Ai-jen Poo and the Fight for Domestic Workers’ Rights

Ai-jen Poo and the Fight for Domestic Workers’ Rights

I rarely circulate mass emails at our office. But after reading  Barbara Ehrenreich’s New York Times profile of Ai-jen Poo, “The Nannies’ Norma Rae,” I found myself doing just that. Founder of the National Domestic Workers Alliance, Ai-jen was the lead organizer behind New York’s domestic workers bill of rights.

Her vision of a new form of organizing that unites organized labor, civil rights groups, feminist organizations, and immigrant rights advocates forged one of the few successful workers rights campaigns in recent history.

Ai-jen’s work was seeded by an Open Society Foundations NYC Community Fellowship nearly 10 years ago. The Democracy and Power Fund and Equality and Opportunity Fund are currently proud cofunders of the National Domestic Workers Alliance.

Did you read the Times article? What did you think?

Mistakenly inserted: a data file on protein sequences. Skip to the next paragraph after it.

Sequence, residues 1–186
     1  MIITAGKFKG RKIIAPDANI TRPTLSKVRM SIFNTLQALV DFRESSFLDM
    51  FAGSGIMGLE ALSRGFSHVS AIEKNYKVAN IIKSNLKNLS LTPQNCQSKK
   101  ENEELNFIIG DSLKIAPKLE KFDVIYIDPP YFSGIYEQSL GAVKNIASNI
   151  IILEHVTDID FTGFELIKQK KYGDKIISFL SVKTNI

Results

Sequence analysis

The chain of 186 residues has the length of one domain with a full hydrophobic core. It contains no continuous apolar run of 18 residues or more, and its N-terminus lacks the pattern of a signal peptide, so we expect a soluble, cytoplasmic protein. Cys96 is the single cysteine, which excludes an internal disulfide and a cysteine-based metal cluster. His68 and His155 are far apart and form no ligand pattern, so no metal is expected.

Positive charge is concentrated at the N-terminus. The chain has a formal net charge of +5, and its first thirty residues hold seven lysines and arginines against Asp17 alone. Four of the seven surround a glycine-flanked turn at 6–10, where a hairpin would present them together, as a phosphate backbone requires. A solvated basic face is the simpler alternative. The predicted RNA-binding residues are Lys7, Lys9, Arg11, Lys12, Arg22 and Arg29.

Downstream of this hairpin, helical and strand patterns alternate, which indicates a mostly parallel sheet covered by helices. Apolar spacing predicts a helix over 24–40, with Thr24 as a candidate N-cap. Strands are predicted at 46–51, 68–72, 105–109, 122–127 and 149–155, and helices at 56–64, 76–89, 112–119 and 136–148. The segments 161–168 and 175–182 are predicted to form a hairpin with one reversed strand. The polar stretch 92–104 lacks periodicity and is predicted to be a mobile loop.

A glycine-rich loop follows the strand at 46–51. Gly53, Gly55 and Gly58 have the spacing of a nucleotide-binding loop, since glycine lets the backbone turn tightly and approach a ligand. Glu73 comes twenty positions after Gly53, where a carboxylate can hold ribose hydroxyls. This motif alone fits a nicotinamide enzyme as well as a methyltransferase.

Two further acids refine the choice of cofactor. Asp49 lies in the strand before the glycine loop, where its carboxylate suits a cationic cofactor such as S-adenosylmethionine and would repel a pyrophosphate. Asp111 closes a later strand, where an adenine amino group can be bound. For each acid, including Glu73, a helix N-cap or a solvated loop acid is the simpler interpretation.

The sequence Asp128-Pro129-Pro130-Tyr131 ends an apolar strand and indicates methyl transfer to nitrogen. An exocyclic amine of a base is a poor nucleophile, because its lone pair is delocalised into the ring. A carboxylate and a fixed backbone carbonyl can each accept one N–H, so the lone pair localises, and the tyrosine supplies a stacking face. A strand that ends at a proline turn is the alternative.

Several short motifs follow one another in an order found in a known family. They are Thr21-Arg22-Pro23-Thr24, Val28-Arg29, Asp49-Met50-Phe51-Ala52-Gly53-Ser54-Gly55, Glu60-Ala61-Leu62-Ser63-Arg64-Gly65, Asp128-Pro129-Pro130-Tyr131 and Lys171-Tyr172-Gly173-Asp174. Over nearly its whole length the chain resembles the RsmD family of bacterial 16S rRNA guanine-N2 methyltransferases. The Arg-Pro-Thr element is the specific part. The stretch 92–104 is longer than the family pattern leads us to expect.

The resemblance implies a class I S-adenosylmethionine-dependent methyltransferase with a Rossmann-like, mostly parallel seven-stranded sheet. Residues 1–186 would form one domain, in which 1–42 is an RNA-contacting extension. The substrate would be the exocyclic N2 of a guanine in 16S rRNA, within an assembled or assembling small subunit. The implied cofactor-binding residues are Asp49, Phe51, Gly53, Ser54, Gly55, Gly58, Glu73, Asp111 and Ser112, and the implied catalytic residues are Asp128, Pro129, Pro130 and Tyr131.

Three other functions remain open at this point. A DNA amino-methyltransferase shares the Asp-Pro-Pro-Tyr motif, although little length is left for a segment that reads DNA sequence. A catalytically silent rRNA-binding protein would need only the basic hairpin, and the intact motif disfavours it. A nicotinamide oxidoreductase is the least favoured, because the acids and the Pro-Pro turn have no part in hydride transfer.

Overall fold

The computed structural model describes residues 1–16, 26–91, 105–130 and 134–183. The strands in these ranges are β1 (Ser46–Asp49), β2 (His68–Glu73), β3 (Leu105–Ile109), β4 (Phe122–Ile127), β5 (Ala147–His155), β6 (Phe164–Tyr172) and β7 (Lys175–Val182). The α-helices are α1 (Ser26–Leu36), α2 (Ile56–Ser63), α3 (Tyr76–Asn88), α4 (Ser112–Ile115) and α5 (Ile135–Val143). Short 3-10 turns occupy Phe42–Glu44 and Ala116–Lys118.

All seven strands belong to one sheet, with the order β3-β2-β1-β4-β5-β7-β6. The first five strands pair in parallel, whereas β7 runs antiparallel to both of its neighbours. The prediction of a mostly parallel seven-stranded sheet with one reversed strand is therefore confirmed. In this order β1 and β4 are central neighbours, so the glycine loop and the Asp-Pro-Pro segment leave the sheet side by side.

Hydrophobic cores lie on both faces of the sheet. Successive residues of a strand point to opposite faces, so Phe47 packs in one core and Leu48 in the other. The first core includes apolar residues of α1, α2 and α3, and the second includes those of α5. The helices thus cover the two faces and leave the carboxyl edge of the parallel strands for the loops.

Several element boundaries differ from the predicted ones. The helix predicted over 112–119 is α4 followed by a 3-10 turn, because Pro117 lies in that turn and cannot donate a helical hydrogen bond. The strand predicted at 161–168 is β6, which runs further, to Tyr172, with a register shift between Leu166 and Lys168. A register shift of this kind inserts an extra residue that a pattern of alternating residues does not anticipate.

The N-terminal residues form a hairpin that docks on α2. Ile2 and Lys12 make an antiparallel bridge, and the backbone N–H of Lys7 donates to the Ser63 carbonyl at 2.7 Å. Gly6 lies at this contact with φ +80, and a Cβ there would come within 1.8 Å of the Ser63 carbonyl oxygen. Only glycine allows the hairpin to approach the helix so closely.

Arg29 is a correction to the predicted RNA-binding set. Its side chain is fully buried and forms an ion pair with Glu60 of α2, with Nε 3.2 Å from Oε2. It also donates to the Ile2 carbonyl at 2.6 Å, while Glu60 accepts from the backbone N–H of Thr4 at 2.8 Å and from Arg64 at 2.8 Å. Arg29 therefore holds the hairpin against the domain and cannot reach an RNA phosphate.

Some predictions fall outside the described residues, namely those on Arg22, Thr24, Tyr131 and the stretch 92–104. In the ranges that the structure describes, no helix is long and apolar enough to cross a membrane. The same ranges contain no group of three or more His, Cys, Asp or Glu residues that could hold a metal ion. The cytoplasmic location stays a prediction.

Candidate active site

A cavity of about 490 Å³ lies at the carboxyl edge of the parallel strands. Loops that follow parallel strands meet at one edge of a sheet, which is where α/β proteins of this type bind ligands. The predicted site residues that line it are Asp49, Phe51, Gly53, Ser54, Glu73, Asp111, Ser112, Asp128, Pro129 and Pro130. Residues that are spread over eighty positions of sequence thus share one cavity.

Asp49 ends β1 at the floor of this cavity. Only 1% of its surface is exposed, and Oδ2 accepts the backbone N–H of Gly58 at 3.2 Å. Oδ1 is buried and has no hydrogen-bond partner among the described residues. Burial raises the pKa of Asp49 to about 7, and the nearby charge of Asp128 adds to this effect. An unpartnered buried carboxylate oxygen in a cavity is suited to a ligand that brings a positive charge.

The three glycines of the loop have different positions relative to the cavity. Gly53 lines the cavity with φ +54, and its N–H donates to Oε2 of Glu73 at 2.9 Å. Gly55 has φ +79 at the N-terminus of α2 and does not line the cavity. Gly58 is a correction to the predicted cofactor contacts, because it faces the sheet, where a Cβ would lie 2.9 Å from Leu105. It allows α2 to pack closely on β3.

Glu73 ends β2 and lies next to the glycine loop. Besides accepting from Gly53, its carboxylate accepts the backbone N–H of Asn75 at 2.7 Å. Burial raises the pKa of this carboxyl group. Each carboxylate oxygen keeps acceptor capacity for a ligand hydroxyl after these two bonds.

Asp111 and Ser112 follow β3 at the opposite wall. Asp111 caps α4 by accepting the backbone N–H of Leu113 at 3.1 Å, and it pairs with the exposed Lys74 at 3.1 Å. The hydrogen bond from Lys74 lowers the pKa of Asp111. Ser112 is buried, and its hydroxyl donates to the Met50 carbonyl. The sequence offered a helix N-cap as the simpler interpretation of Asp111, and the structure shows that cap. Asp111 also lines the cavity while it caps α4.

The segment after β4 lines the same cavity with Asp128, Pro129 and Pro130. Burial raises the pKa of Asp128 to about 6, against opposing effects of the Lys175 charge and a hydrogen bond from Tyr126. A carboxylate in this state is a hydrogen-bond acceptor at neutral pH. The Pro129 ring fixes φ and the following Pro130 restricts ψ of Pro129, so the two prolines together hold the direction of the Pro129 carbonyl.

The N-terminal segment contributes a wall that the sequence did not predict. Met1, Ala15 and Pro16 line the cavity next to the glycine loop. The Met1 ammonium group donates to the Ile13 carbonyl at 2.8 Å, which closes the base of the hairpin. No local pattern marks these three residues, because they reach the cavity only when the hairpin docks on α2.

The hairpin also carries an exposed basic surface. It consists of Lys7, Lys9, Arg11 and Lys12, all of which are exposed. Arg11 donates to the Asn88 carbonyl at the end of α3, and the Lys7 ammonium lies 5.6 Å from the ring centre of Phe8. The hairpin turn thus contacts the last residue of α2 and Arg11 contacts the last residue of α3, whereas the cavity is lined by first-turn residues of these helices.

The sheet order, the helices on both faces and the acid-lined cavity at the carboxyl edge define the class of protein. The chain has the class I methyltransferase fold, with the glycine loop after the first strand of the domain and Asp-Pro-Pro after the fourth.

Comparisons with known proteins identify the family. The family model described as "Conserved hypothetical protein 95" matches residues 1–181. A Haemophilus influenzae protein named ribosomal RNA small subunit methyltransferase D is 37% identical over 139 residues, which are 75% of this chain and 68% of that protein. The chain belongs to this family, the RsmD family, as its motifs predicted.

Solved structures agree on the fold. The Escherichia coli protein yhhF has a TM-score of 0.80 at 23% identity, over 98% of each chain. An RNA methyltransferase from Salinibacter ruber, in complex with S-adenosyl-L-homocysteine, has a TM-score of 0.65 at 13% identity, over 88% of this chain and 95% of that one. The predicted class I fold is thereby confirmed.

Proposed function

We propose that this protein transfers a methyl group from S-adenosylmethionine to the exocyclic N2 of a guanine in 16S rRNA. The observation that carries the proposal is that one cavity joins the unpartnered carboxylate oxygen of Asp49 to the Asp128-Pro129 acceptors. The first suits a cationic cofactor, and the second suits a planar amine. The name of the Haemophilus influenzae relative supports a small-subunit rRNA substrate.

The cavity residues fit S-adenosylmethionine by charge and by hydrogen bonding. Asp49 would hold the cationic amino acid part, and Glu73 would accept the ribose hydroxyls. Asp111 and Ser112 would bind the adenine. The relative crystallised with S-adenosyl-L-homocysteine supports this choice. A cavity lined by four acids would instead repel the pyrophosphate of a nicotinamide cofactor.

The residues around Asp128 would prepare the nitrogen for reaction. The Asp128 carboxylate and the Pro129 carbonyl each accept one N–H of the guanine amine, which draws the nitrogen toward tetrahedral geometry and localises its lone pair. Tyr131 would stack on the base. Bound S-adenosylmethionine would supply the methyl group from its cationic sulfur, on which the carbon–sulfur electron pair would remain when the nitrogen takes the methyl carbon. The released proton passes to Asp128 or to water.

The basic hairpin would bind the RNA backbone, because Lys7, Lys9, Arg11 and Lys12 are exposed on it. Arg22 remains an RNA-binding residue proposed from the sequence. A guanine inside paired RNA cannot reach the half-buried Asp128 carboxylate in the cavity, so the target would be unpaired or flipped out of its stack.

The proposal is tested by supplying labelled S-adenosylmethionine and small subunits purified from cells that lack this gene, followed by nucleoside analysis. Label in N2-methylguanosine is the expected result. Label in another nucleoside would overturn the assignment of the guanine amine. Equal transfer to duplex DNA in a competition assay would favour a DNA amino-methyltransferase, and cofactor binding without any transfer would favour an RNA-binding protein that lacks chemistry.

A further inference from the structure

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Well-deserved attention to a fantastic organizer. I first met Ai-jen in 2004 or 2005 at a DWU/Jews for Racial and Economic Justice meeting. One of the real innovations of the fight to pass the bill in New York was engaging employers, especially via faith groups. JFREJ organized many synagogues, which in turn organized their members, to support the bill and to stand up as both workers and employers in support of model contracts. My own synagogue held study sessions for congregants about the bill and took groups to Albany to lobby. DWU conquered New York - now on to the rest of the country!

Domestic workers need protection wherever they are found. But there is a conondrum like what is facing South Africa at the moment. That is the over supply of foreign domestic workers. These workers by virtue of their constuency in the country they can not fight for their rights. What is small in South Africa is actually a privelege to them. What do the local domestic worker have to do? There lies the dilema.

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